Counselors must also pass a background check. For instance, mental health counselors must complete a master’s program that is at least 48 semester hours or more in length, pass the NCE and Missouri jurisprudence exam, and complete 3,000 hours of supervised work over a minimum of 24 months and a maximum of five years, of which a minimum of 15 hours a week is spent in direct client contact. Candidates with a doctorate degree can obtain a license with 1,500 supervised work hours. Missouri also requires counseling licenses to be renewed every year after completing 40 continuing education hours.

Exceptions can be made for those seeking to become substance abuse counselors in Missouri, as those with only an associate degree can apply for licensure. However, they must undertake an even more stringent work regime. Associate degree holders can gain substance abuse counseling licenses if they complete 6,000 hours of experience within 10 years, an amount that is cut down to 4,000 hours if the applicant has a master’s degree. Other processes that must be completed to become a substance abuse counselor in Missouri include signing the Code of Ethical Practice and Professional Conduct, completing the Family Care Safety Registry Worker Registration Form, and having verifiable current employment in a substance use disorder treatment program.

Specific counseling licensure requirements vary in Missouri, depending on the specialty one is pursuing. Students who are interested in exploring their options within the counseling field can look for resources provided by organizations like the Missouri Department of Elementary and Secondary Education, the Missouri Credentialing Board, or the Missouri Behavior Analyst Advisory Board, which issues different credentials spanning school counselor licenses, Certified Reciprocal Alcohol and Drug Counselor licenses, and behavior analyst licenses.

Careers for Counseling Graduates


  • Career Counselor:
    Career counselors help students determine potential career paths by evaluating students’ strengths, weaknesses, and interests. Career counselors will provide important advisory services like helping students practice interviewing, writing resumes, or providing networking tips.
  • Community Health Worker:
    These workers are important contributors to helping individuals, families, and communities adopt healthier behaviors by improving outreach for medical personnel and health organizations. They provide social support, dispense available health resources, and advocate for community health needs.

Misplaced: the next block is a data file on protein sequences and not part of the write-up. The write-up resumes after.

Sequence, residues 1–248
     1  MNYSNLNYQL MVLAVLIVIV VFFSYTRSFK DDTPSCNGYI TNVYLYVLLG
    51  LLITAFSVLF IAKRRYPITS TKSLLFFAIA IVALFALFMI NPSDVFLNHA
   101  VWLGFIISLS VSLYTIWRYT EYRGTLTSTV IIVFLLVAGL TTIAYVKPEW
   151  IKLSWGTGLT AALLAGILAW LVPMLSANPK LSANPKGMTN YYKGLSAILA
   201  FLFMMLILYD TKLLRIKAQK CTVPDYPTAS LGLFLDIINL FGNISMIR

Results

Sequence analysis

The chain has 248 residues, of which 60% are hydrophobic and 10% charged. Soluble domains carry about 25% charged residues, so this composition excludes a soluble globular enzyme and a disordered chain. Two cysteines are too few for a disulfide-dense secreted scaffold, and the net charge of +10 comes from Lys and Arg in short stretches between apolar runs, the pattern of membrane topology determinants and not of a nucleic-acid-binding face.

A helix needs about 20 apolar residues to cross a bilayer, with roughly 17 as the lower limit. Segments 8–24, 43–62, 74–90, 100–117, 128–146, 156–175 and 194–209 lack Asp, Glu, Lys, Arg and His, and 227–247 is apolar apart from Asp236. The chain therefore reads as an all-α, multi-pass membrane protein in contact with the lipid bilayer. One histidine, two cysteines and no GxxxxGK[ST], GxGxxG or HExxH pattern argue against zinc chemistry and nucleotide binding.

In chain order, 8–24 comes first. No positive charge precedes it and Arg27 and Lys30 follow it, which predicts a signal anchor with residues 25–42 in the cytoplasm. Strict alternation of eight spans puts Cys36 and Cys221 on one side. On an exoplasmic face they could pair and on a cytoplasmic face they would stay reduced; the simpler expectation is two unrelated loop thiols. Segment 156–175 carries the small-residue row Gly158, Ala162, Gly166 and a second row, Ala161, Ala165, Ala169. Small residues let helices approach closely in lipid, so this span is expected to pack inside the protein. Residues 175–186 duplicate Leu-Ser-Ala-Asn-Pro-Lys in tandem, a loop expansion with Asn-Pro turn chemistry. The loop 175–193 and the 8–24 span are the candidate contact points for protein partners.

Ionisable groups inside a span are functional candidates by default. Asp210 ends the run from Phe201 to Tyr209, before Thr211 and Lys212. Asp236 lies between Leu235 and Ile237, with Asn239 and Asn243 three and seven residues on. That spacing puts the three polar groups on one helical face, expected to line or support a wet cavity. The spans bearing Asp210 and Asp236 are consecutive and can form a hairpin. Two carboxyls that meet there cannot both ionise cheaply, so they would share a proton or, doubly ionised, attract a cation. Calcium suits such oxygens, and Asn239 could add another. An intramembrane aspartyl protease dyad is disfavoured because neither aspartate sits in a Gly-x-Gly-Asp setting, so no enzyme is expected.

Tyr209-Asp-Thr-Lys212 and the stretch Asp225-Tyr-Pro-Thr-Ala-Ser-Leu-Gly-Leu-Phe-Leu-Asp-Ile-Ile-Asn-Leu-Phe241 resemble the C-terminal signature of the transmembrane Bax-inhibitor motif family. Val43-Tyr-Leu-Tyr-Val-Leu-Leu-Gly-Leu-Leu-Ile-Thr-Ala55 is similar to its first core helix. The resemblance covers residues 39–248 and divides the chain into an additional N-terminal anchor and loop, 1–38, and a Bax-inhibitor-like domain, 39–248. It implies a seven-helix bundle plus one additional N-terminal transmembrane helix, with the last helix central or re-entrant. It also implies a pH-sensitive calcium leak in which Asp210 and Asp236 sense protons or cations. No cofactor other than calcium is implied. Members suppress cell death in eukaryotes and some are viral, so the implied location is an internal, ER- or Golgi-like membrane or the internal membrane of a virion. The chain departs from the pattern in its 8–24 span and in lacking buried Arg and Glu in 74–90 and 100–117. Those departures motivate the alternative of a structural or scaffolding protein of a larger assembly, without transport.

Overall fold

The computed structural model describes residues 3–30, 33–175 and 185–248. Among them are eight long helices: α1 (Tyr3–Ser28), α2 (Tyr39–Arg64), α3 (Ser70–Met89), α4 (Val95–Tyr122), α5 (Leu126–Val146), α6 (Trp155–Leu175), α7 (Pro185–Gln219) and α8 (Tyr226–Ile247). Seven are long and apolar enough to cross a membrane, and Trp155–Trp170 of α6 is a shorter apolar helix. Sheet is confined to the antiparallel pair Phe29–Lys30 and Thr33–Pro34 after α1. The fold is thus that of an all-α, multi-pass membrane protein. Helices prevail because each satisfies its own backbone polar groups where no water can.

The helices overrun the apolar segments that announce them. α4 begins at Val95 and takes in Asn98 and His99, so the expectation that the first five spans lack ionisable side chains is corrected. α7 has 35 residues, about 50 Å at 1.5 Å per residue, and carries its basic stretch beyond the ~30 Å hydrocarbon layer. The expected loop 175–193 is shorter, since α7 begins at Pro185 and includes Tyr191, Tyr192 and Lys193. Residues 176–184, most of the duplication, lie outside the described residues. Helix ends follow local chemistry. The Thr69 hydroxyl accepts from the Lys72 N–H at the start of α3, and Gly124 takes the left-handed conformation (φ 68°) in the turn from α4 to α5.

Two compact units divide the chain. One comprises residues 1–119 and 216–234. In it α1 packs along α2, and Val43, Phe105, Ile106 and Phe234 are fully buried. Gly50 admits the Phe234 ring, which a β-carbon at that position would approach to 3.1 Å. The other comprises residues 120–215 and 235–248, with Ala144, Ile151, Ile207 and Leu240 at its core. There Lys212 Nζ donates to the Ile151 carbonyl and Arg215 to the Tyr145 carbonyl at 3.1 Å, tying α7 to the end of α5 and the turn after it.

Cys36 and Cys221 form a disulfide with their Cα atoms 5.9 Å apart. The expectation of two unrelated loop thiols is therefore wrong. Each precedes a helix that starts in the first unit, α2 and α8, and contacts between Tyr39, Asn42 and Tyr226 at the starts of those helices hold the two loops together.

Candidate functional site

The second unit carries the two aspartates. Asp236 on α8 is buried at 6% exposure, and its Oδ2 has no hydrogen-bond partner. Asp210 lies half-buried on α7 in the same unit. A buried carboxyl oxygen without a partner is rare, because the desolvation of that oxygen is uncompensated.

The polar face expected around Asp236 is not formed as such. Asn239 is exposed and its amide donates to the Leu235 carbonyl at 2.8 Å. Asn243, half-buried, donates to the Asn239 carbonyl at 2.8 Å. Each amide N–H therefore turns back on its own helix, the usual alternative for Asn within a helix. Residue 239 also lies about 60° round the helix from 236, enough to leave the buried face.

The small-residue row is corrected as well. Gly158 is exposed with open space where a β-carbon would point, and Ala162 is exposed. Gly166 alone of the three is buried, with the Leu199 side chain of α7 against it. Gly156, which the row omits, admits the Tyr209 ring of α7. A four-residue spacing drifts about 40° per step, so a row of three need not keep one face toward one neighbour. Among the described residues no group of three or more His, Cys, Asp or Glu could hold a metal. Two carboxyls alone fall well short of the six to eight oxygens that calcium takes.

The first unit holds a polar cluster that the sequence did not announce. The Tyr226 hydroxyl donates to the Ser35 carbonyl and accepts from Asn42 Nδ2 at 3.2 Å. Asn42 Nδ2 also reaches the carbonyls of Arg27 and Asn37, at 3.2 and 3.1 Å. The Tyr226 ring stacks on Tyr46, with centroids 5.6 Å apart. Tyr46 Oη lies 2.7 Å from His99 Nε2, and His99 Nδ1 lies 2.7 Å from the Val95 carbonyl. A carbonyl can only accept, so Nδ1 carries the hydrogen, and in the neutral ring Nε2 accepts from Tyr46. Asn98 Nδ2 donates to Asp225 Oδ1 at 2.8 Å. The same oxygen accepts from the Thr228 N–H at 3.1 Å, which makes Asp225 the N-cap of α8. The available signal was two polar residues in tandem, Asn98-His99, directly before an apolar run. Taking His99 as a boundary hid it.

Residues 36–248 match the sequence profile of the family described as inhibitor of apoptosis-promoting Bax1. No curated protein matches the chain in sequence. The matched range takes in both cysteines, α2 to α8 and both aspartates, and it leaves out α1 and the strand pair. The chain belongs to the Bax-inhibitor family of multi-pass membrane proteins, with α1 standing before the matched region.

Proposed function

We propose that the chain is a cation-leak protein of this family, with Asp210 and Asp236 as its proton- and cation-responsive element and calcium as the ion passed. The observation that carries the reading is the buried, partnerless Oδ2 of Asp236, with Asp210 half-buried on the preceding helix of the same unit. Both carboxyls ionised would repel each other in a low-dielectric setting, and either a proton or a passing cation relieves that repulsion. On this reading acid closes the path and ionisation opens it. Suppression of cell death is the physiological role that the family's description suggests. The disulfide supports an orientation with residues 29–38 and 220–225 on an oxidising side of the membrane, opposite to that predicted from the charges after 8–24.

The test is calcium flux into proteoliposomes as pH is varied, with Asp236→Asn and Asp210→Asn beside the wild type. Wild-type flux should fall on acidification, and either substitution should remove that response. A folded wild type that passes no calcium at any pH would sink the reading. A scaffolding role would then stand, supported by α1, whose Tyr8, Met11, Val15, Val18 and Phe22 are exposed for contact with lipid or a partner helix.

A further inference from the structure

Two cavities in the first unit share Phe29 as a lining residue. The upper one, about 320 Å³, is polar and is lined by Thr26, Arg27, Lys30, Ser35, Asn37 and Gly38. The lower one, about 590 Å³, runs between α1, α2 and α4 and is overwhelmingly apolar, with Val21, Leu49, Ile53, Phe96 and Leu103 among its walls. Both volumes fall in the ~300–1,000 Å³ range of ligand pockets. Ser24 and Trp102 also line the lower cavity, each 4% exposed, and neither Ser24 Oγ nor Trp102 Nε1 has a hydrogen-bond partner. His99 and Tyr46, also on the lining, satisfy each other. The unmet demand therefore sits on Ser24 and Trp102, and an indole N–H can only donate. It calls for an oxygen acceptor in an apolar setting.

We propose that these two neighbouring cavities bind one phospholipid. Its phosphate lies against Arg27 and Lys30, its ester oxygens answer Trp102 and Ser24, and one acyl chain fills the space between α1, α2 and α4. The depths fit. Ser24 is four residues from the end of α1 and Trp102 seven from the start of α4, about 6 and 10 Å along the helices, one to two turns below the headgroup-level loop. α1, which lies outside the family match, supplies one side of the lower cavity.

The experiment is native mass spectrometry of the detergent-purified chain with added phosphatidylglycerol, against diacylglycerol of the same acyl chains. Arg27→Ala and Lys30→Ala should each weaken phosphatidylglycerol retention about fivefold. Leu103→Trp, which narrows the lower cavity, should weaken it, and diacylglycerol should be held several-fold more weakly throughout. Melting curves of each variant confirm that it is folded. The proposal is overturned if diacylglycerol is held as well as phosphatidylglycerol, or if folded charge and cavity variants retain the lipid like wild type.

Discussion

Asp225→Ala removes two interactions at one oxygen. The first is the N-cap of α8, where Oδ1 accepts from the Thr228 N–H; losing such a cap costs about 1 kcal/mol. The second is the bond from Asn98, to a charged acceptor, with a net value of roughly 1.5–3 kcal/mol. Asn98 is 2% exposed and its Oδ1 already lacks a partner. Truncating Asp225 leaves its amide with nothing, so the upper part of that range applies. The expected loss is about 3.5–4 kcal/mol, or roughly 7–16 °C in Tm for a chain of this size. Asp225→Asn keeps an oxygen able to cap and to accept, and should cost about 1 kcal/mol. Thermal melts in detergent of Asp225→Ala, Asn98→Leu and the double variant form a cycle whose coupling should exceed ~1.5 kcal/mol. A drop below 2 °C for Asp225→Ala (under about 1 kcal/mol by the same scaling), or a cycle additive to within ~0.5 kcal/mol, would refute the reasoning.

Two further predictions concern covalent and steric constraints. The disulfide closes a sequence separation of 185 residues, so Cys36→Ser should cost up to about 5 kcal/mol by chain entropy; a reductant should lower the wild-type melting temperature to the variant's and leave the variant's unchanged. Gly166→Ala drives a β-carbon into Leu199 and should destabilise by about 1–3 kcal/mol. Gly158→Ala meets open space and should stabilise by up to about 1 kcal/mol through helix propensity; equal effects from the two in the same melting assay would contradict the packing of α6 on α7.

• Residential Counselors:
    These individuals help support individuals with basic living needs, including responsibilities like monitoring medications and guiding patients toward appointments. They will generally support and care for groups of individuals living in shelters, rehabilitation centers, or assisted living facilities.
  • Clinical Therapist:
    Clinical therapists are counselors who analyze patients for signs of emotional trauma and mental illness through techniques like interviews and studying medical or social case histories. After diagnosing disorders, clinical therapists can help patients identify avenues for treatment.
  • College Counselor:
    When students look toward graduating from high school, many typically do not have a specific educational or career path in mind. College counselors can help students objectively assess their interests and academics to determine colleges that would be a good fit for their future ambitions.
  • Family Therapist:
    Family and marriage therapists are trained to assess, identify, and treat a complex set of mental, emotional, and behavioral disorders that exist within the context of family, marital, or intimate relationships. They are specifically trained to navigate complex relational systems to help provide the best support to their patients.
  • Group Counselor:
    Individuals may be hesitant to pursue one-on-one counseling and may find group counseling less stressful. In particular, group counselors help support members who may be seeking counseling for similar types of stressors and trauma. The group counselor will help build a trusting environment and help clients better understand themselves through interactions with other participants.
  • School Counselor:
    School counselors work closely with educators at schools to support the needs of students ranging from children to young adults who may be undergoing mental and emotional stressors both at home and at school. This may include helping students work through anxiety, bullying, depression, or other difficulties.